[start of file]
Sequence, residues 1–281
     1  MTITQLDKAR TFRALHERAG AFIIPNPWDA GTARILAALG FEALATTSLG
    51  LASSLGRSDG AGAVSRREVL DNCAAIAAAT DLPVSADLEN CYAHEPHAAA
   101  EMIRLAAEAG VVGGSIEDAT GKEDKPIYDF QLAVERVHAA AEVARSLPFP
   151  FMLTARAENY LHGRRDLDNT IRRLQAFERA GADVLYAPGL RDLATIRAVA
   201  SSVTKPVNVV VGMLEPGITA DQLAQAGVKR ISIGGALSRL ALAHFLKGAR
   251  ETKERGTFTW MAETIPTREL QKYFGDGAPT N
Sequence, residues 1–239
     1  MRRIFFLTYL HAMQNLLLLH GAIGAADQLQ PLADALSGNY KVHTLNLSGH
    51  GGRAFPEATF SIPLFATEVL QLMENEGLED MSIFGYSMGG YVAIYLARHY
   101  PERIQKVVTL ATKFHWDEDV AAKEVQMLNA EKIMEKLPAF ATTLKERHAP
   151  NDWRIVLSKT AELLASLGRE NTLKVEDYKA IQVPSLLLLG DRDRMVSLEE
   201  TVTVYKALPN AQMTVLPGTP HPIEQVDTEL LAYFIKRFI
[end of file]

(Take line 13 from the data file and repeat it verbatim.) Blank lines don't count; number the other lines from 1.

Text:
   201  TVTVYKALPN AQMTVLPGTP HPIEQVDTEL LAYFIKRFI